Screened as part of NZIFF 2016

The Innocents 2016

Les innocentes

Directed by Anne Fontaine

Based on a true story from post-World War II Poland, this satisfying drama follows a young female French doctor who finds herself caught up in the lives of nuns, traumatised and shamed by their wartime suffering.

France/Poland In French, Polish and Russian with English subtitles
116 minutes DCP
M (sexual violence, suicide and content that may disturb)

Director

Producers

Eric Altmayer
,
Nicolas Altmayer

Screenplay

Sabrina B. Karine
,
Alice Vial
,
Anne Fontaine
,
Pascal Bonitzer
,
Philippe Maynial

Photography

Caroline Champetier

Editor

Annette Dutertre

Production designers

Joanna Macha
,
Anna Pabisiak

Costume designer

Katarzyna Lewinska

Music

Grégoire Hetzel

With

Lou de Laâge (Mathilde)
,
Agata Buzek (Sister Maria)
,
Agata Kulesza (Mother Abbess)
,
Vincent Macaigne (Samuel)
,
Joanna Kulig (Irena)
,
Eliza Rycembel (Teresa)
,
Anna Prochniak (Zofia)
,
Katarzyna Dabrowska (Anna)
,
Helena Sujecka (Ludwika)
,
Dorota Kuduk (Wanda)
,
Klara Bielawka (Joanna)
,
Mira Maludzinska (Bibiana)
,
Pascal Elso (Colonel)
,
Thomas Coumans (Gaspard)
,
Leon Natan-Paszek (Wladek)
,
Joanna Fertacz (Zofia’s aunt)

Festivals

Sundance
,
San Francisco 2016

Elsewhere

Anne Fontaine’s (Coco avant Chanel) compelling and affecting drama The Innocents illuminates events that occurred in Poland in the aftermath of World War II, placing women’s experiences of war very much at its centre. Mathilde (Lou de Laâge), a young doctor with the French Red Cross, is entreated by a desperate young nun to make a secret visit to a nearby abbey. She arrives to find a young sister in labour. Mathilde is soon drawn into the intensely private world of the nuns as they confide the nightmare of the ‘liberating’ army that led to their predicament. Severely traumatised, some have refused to admit even to themselves that they are pregnant.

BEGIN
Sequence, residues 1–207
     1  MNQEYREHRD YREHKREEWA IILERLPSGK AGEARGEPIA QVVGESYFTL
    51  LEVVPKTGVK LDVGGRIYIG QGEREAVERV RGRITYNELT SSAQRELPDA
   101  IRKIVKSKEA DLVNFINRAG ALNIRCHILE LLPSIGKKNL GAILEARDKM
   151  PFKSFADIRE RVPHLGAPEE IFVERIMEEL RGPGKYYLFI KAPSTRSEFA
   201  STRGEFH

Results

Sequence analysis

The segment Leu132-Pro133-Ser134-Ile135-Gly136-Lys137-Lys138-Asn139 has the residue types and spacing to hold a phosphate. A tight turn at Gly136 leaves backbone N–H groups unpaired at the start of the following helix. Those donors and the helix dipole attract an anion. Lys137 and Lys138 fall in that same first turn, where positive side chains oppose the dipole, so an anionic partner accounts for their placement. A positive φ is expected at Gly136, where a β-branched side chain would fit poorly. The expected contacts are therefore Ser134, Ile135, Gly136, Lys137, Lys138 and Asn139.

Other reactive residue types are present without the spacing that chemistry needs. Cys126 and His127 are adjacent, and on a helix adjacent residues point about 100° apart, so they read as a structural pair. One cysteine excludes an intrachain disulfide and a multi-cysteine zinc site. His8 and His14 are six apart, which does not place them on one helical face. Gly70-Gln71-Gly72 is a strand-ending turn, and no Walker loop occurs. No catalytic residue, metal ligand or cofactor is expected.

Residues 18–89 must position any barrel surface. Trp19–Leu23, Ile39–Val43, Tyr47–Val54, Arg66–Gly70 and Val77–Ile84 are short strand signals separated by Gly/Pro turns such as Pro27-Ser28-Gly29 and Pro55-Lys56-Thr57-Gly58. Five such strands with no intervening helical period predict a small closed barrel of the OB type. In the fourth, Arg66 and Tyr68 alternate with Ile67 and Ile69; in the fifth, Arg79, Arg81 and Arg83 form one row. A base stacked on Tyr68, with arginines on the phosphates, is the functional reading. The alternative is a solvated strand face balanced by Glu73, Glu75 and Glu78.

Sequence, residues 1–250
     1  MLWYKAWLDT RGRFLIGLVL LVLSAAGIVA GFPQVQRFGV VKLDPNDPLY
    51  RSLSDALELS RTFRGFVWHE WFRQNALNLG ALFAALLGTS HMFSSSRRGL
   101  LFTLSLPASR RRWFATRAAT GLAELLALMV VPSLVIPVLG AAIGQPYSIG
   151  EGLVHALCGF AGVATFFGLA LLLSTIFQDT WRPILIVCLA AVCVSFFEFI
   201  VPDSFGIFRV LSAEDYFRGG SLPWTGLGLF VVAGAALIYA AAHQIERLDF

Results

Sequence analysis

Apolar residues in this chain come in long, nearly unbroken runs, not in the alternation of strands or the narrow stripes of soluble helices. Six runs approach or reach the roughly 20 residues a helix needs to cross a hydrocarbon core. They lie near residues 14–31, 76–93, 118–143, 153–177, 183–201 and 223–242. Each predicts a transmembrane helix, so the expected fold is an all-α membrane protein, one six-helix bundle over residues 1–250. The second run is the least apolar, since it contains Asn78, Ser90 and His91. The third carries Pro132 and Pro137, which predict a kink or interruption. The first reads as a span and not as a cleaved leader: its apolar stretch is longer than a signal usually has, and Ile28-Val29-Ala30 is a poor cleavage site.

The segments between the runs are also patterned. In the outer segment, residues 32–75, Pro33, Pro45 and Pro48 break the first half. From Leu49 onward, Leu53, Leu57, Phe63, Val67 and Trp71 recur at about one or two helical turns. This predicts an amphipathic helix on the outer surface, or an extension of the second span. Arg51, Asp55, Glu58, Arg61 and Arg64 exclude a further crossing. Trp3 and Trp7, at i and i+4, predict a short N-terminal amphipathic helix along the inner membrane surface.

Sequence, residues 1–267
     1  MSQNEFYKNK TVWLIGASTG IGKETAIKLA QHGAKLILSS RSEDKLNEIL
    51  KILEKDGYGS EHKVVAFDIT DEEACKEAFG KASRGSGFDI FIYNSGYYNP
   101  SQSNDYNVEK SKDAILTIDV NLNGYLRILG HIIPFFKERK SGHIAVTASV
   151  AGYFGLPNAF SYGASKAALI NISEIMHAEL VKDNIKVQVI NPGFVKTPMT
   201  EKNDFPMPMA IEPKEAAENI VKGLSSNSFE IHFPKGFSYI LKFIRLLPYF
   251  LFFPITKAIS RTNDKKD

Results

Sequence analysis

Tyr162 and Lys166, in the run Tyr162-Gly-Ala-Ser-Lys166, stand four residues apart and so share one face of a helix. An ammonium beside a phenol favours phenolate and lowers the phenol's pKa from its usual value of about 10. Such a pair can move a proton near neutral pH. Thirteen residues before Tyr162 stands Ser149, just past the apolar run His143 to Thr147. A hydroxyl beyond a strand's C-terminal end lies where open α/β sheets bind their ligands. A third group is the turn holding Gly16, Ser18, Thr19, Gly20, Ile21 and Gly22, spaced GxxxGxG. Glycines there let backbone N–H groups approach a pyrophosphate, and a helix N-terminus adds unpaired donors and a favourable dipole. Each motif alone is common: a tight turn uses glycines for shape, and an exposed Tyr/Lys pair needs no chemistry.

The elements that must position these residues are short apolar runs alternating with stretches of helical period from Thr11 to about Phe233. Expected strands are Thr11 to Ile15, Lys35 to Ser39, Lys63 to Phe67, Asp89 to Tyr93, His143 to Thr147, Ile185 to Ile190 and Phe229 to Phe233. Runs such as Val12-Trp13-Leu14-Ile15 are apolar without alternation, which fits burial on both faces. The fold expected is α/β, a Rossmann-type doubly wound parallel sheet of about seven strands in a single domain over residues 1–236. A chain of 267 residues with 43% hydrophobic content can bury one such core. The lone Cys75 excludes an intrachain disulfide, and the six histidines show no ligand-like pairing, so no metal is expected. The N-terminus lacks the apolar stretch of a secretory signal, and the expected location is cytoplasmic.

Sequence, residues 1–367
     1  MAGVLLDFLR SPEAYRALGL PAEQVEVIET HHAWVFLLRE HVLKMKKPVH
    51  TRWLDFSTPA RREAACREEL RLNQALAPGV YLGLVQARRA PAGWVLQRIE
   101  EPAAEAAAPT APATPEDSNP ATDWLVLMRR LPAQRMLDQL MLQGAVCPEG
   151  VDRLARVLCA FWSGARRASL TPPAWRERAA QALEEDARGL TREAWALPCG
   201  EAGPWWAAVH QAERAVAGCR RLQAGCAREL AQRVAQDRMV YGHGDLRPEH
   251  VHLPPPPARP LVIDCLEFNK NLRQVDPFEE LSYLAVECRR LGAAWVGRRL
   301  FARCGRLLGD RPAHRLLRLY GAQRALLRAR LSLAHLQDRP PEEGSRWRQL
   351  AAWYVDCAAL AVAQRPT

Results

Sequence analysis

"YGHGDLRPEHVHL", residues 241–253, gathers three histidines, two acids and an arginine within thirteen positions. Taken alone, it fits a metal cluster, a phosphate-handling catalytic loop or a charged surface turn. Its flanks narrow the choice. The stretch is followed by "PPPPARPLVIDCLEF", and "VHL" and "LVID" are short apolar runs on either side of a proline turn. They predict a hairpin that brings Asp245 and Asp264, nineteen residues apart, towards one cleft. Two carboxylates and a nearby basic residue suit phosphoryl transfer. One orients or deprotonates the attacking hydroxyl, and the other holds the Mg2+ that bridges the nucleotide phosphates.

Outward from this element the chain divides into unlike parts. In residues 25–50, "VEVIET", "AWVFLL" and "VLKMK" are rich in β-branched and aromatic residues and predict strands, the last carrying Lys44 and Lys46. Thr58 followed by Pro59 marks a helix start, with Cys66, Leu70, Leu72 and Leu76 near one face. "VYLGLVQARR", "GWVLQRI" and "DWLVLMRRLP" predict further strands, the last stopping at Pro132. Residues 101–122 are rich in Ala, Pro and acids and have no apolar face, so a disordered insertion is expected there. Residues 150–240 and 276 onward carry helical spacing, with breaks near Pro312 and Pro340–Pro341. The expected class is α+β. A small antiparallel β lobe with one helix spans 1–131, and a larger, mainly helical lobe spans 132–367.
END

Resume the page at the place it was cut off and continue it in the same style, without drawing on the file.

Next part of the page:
Concealing her involvement from the Red Cross, Mathilde seeks allies in the convent where many remain cowed by a grim hierarchy determined to suppress all evidence of their ‘shame’. She also enlists the support of a colleague, a Jewish doctor whose hopes of impressing her must outweigh his bitter scepticism about Polish Catholic piety. Elegantly shot and superbly performed in Polish and French, Fontaine’s war film eschews graphic depictions of violence to delineate and uphold the common humanity of those who foster renewal in its wake.

The Innocents is a lovely ode to healing through solidarity… Kudos are due to Anne Fontaine for not only finding a tale not often seen, but imbuing it with a feminine perspective so often erased from wartime narratives… We’ve held up many wartime heroes from this era, and this unsung heroine deserves to be celebrated among them.” — Monica Castillo, RogerEbert.com